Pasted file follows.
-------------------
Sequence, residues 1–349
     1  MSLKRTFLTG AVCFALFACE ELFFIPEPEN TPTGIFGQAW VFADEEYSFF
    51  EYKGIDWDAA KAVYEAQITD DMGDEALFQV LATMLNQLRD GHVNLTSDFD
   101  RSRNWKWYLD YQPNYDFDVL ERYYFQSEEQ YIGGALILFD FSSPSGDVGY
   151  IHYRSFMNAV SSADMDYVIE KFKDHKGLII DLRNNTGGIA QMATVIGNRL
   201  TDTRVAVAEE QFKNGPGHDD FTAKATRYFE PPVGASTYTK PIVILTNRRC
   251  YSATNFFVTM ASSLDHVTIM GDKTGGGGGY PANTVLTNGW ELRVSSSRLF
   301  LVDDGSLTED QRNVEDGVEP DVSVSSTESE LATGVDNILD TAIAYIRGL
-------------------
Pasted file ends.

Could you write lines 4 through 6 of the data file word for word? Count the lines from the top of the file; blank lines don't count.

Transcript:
   101  RSRNWKWYLD YQPNYDFDVL ERYYFQSEEQ YIGGALILFD FSSPSGDVGY
   151  IHYRSFMNAV SSADMDYVIE KFKDHKGLII DLRNNTGGIA QMATVIGNRL
   201  TDTRVAVAEE QFKNGPGHDD FTAKATRYFE PPVGASTYTK PIVILTNRRC